Fighting Breast Cancer With Vegetarian Food

Breast cancer is a complicated disease. But studies have shown that a vegetarian diet can help some women reduce their risk of cancer and can also increase chances of survival.

A recent study in the Journal of Clinical Oncology reinforced existing evidence that women with breast cancer can greatly reduce their risk of recurrence by eating a healthy plant-based diet rich in fruits and vegetables and making other healthy lifestyle choices.

The study, conducted by researchers with the University of California, San Diego, tracked dietary patterns and exercise habits among about 1,500 women who were diagnosed with early-stage breast cancer between 1991 and 2000. It found that the death rate for women who consumed a high-fiber diet rich in fruits and vegetables and practiced good exercise habits was 44 percent lower than the rate for women who exercised little and ate few plant-based foods.

The Women’s Healthy Eating and Living (WHEL) study showed that women previously treated for breast cancer who consume at least five fruit and vegetable servings per day and are physically active have a nearly 50 percent reduction in mortality risk.

The WHEL study included more than 3,000 pre- and postmenopausal women. Half the participants (the intervention group) were asked to have five vegetable servings, 16 ounces of vegetable juice, and three fruit servings daily, as part of a low-fat, high-fiber diet. A comparison group was asked to consume at least five fruit and vegetable servings per day.

After seven years, those women in the comparison group who followed the guideline of eating at least five fruit and vegetable servings daily and who were physically active turned out to have nearly a 50 percent lower rate of mortality, compared with women who did not meet these healthful guidelines.

A 2005 National Cancer Institute study found that breast cancer patients in the study who reduced their fat consumption lowered their risk of tumor recurrence by as much as 42 percent. High-fat foods, including beef, vegetable oils, and chicken, can boost the hormones that promote cancer cell growth. But most plant-based foods are naturally low in fat and offer people a healthy way to stay slim.

Researchers followed 2,437 postmenopausal breast cancer patients for five years after standard surgery and cancer treatments. They instructed 1,462 of the patients to continue their regular diets, while 975 patients were given intensive counseling with a dietitian to reduce their fat intake. The control group consumed an average of 51.3 grams of fat per day, which is still lower than the average American’s fat intake. The low-fat group averaged 33.3 grams per day—slightly more than in a typical vegetarian diet. After five years, 12.4 percent of the women eating their usual diet had cancer recurrences, compared with only 9.8 percent of the low-fat diet group: that’s a 24 percent reduction in recurrence. Low-fat dieters with estrogen-negative tumors experienced a 42 percent reduction in recurrence.

In 1982, the National Research Council linked eating habits—particularly high-fat, meat-heavy diets—to cancer of the breast and other organs. The Journal of the National Cancer Institute recently reported that the rate of breast cancer among premenopausal women who ate the most animal fat was one-third higher than that of women who ate the least animal fat.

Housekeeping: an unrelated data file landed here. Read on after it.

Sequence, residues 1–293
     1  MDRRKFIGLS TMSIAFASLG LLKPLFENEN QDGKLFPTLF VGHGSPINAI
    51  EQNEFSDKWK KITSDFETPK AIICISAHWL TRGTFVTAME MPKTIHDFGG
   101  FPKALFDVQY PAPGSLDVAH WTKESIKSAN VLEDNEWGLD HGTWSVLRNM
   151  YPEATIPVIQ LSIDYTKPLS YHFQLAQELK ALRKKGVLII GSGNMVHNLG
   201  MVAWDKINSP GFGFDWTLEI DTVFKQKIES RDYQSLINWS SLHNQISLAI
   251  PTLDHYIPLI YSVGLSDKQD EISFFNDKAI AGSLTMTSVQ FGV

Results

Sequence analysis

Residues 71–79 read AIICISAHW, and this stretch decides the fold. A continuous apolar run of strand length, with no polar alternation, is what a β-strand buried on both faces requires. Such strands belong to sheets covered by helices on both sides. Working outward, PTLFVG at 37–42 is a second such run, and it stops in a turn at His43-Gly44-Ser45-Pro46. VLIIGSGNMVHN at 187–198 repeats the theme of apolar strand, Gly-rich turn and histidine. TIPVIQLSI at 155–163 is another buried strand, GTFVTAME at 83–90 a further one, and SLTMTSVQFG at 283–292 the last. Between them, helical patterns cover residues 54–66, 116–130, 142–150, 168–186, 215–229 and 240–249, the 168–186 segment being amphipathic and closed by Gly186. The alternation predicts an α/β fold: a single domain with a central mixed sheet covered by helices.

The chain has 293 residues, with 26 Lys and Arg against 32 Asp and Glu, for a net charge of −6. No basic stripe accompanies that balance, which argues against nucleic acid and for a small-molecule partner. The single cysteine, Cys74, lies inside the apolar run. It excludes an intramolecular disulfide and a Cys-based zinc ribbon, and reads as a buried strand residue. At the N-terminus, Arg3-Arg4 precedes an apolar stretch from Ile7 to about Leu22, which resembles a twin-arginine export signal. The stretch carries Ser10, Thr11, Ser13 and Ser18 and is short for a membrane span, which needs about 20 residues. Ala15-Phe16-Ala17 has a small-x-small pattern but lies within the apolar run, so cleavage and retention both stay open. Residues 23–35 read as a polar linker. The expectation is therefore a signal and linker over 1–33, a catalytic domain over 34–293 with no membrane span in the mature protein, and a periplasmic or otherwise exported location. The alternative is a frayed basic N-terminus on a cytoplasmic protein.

Consuming meat only increases a woman’s risk of developing breast cancer. A study of postmenopausal Danish women looked at 378 women who developed breast cancer and matched them to control subjects who did not develop breast cancer. A higher intake of meat—including poultry and fish, as well as red meat and processed meat—was associated with a significantly higher breast cancer incidence rate.

Every 25 gram increase (about one ounce) in consumption of total meat, red meat, and processed meat led to a 9, 15, and 23 percent increase in risk of breast cancer, respectively. However, the degree of risk may depend on genetics. Certain genes activate the carcinogens (heterocyclic amines) found in cooked meat. The study showed that women with genes that rapidly activate these carcinogens are at particular risk of breast cancer if they eat meat.

There are more than 2 million breast cancer survivors in the United States, but many of these women eat fewer than five servings of fruits and vegetables a day, consume too much fat, and lead sedentary lifestyles.

Simply adding healthy foods to an otherwise poor diet, rather than getting rid of the troublemakers—meat, dairy products, and fried foods—may not offer the same benefits of adopting a fully plant-based diet. But science has repeatedly shown that a plant-based diet composed of legumes, whole grains, fruits, and vegetables can help prevent cancer and cancer recurrence.

While scientists are hard at work searching for specific breast cancer-fighting compounds, the best approach is to apply what we already know: Diets that are highest in a variety of plant foods and stay away from heavy oils, meat, and dairy products help prevent many diseases. The earlier in life we start, the better.

Need help making dietary changes? Visit for delicious vegetarian recipes, information on nutrition and cooking classes, fact sheets on nutrition and cancer, DVDs, videos, books, and a free copy of The Cancer Project’s booklet Healthy Eating for Life: Food Choices for Cancer Prevention and Survival.

By Jennifer K. Reilly, R.D.
The Cancer Project

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Written by TheCancer Project

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